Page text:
O's Fans Can Take Their Support On The Road
By Tim Richardson
Merchandise is big business and a major outlet for professional sports teams to promote their product. According to a 2011 report by the Emerson College Sports Business Society, merchandise sales accounted for more than $12 billion of total revenue for professional sports teams in the United States and Canada.
The Orioles are enjoying a hot start to the 2012 season and fans are embracing the team. Many of those fans show their support by purchasing Orioles jerseys, caps, T-shirts and even big orange No. 1 foam fingers.
Thanks to the Orioles and the Maryland Motor Vehicle Association (MVA), fans can now show their team pride in a way that also benefits a good cause. While many fans have Orioles magnets on their cars, the club announced recently that it had joined with the MVA to create Orioles-themed Maryland license plates.
The new cartoon bird is on each plate, and each buyer receives a randomly assigned four-digit number. The plates cost $50, with $25 going to the Baltimore Orioles Charitable Foundation. The $50 charge is a one-time fee when purchasing the plates.
"We are excited to provide Orioles fans in Maryland with the opportunity to share their Birdland pride and help out a great cause with the new cartoon bird license plates," said Greg Bader, Orioles director of communications.
Featuring the popular cartoon logo, the plate enables fans to show their Orioles pride, while supporting the community programs OriolesREACH funds and supports. According to the team's Web site, OriolesREACH allows the organization to "reach out to our neighbors across Birdland to help our fans improve their daily lives." In 2011 alone, more than 30 different community organizations benefited from the efforts of the charity.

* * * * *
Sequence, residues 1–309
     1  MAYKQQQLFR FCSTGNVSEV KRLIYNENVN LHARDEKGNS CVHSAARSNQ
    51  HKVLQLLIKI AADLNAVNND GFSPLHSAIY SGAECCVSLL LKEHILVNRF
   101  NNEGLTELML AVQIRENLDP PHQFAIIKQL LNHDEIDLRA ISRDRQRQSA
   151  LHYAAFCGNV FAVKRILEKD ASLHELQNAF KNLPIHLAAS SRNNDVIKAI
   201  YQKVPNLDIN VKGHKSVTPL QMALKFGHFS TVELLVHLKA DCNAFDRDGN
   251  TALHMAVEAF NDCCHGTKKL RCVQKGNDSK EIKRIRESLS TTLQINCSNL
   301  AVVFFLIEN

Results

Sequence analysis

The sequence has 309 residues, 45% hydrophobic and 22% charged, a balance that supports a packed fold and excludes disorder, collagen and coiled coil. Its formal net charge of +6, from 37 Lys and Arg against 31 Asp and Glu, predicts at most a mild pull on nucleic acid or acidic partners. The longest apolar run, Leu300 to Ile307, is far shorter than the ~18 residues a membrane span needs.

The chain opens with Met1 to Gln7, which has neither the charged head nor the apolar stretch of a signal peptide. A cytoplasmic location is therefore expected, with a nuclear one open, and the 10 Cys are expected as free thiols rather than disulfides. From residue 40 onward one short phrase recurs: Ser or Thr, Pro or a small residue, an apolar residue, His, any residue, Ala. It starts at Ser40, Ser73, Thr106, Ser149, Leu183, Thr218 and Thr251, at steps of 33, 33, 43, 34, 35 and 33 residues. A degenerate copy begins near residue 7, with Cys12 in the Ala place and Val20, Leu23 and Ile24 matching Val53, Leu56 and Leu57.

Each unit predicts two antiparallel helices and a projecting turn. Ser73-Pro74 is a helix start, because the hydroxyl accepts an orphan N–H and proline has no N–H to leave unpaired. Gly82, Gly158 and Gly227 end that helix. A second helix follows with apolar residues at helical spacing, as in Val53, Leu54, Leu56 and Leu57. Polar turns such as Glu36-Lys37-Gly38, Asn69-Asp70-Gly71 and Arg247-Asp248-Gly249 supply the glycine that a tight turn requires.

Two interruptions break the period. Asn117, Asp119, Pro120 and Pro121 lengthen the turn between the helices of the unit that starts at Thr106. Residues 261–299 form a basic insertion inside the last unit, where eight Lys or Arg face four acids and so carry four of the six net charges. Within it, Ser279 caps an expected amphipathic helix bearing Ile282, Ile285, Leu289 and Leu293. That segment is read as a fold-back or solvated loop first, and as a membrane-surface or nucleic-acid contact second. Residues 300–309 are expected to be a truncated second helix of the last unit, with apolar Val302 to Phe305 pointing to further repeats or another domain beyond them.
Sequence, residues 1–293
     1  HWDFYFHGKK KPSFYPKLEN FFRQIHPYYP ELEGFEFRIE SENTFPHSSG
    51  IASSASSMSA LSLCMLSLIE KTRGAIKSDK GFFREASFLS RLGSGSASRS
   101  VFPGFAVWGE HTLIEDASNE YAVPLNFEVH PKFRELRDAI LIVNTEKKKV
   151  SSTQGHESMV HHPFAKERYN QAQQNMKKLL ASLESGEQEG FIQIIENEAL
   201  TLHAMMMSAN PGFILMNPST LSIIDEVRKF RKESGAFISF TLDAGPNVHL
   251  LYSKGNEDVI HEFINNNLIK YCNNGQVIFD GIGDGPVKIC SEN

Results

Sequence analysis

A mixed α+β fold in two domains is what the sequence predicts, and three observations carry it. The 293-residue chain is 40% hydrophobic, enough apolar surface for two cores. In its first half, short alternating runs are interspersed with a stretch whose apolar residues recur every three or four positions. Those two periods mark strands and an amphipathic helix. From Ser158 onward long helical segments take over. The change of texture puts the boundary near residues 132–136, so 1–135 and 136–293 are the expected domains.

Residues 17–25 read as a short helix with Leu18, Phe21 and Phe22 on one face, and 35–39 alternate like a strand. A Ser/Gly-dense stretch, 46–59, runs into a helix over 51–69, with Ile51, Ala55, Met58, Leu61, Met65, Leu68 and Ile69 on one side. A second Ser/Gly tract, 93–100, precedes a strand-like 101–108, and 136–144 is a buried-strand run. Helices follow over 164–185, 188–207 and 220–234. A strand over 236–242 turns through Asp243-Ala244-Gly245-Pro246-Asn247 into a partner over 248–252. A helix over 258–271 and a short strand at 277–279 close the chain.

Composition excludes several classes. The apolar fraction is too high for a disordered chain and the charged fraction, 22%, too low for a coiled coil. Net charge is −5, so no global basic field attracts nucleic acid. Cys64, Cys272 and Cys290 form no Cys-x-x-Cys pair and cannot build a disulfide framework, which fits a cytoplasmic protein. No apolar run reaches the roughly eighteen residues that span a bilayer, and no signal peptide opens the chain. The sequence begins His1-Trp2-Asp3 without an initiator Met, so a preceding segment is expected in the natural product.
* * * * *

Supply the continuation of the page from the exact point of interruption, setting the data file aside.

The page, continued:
The Orioles held a sweepstakes for a chance to win plate No. 0001. In addition, plates featuring the numbers of three Orioles star players (Adam Jones, No. 0010; Nick Markakis, No. 0021; and Matt Wieters, No. 0032) were auctioned for charity. The auction also included six other plates with the numbers of the team's six Hall of Famers: No. 0004 (Earl Weaver), No. 0005 (Brooks Robinson), No. 0008 (Cal Ripken), No. 0020 (Frank Robinson), No. 0022 (Jim Palmer) and No. 0033 (Eddie Murray).
As required by the MVA, the plates must be used on a vehicle registered in Maryland. The auction closed April 17 and Bader said the nine specialty-numbered plates raised more than $8,000 for the Orioles' Charitable Foundation. The plate for "Mr. Oriole," Brooks Robinson (No. 0005), raised the most individual money, selling for more than $2,000. The team has notified all auction winners as well as the sweepstakes winner.
"The response has been overwhelmingly positive," Bader said, "and we look forward to seeing many of these (plates) on the streets in the coming weeks."
Fans can visit orioles.com/plates or call 888-848-BIRD (ext. 2473) for information on how to register for the Orioles' specialty plates.
Posted May 8, 2012